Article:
Erika’s Hospitality #190 Japanese Tag All Stars
Currently, Erika’s Hospitality is the most expensive waifu card that doesn’t feature Lillie. There is no English version of this card, though one may be released in the future. This card has tripled in value since release, with a PSA fetching $3k+.
Why Japanese Waifu Cards Are More Expensive Than English
The price discrepancy between waifu cards in Japan and elsewhere can be attributed to several factors. The trend was initially triggered by the popularity of the Lillie card from Sun & Moon’s SM1M set, released at a time when Japanese sets didn’t guarantee an SR in every box. The interest surged further with the release of a coveted card from the High Class Pack (GX Battle Boost), illustrated by Naoki Saito, an artist with a devoted following. Saito’s artwork was also featured on the Extra Battle Day winner prize card, further fueling demand. Lillie’s cards effectively set a new standard for the value of modern Pokémon Supporters, which also impacted the prices of cards featuring other popular female characters or those illustrated by the same artist.
The influence of collectors from the Weiss trading card game — which prominently features popular anime characters — further intensified the demand as these enthusiasts extended their collections to include Pokémon cards. Japanese resellers, anticipating that these would be the most sought-after cards in future sets, marked up their prices right from release. The limited availability (as opposed to limited supply) of set boxes in Japan has left collectors little choice but to accept these elevated prices. The case of Scarlet & Violet’s Miriam exemplifies the rapid growth of this trend.
Another contributing factor is the rapid release schedule of sets in Japan, typically every one to two months. This pace may discourage extensive printing of any single set since a new one will soon replace it — in contrast to the English approach of printing a set extensively until demand subsides.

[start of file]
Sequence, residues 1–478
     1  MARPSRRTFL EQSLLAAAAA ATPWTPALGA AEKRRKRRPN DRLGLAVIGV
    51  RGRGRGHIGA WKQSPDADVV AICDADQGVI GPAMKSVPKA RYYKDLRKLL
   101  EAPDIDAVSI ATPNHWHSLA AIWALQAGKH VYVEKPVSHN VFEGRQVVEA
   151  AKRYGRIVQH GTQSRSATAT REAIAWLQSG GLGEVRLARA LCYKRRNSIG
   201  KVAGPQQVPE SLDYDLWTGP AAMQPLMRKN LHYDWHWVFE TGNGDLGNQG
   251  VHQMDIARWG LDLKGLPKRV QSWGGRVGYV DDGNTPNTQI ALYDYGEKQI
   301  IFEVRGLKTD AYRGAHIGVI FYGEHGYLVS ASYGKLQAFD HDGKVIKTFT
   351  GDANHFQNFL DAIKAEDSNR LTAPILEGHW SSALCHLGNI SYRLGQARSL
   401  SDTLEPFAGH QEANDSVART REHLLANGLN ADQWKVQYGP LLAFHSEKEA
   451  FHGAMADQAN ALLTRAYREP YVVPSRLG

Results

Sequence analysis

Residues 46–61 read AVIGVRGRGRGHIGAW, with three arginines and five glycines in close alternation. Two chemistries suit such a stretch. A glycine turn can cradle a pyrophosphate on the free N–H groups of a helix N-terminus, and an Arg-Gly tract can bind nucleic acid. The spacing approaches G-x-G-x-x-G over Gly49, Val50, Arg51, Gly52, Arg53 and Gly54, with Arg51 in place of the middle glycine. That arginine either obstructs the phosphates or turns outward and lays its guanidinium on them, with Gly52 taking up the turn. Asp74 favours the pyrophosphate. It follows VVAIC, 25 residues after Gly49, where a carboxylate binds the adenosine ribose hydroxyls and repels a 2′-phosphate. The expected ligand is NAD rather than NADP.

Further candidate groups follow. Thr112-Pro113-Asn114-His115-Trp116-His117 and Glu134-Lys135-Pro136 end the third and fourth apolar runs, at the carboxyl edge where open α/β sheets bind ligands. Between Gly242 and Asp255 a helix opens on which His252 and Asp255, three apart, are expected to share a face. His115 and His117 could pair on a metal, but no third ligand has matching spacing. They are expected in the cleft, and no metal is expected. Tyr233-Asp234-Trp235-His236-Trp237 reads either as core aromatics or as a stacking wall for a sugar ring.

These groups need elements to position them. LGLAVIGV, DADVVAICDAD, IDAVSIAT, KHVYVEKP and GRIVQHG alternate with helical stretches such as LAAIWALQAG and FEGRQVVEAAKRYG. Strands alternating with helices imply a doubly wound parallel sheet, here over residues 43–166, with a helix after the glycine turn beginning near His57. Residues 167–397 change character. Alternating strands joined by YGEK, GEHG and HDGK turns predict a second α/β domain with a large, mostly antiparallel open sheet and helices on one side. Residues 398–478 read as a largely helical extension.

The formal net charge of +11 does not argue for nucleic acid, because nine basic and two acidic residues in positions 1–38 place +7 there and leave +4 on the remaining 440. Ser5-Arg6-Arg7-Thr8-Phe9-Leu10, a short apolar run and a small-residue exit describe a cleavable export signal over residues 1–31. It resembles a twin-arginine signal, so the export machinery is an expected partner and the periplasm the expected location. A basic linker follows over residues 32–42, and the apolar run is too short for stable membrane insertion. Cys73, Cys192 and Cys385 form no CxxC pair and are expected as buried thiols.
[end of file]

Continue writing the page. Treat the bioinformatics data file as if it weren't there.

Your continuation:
The handling of secret rares also differs between Japan and the English-speaking market, potentially affecting card prices. While a Japanese box might contain a single secret rare, the English version could contain multiple, and Full Art (FA) trainers and Pokémon V are not even categorized as secrets. This discrepancy in rarity can influence both the perception and the actual cost of these cards.
In conclusion, the waifu Pokémon cards have forged a unique place within the Pokémon Trading Card Game community, blending the nostalgia of childhood favorite characters with the intricate artistry of the cards. They represent a cultural crossover, intertwining the allure of the Pokémon universe with the influence of anime and manga.
Their rarity, the popularity of the characters, and their utility in gameplay, combined with their aesthetic appeal, make these cards coveted pieces in any collection. Meanwhile, they also reflect the continually evolving dynamics of the Pokémon TCG world. As trends shift and new expansions are released, these cards continue to captivate audiences and enrich the tapestry of the Pokémon TCG universe.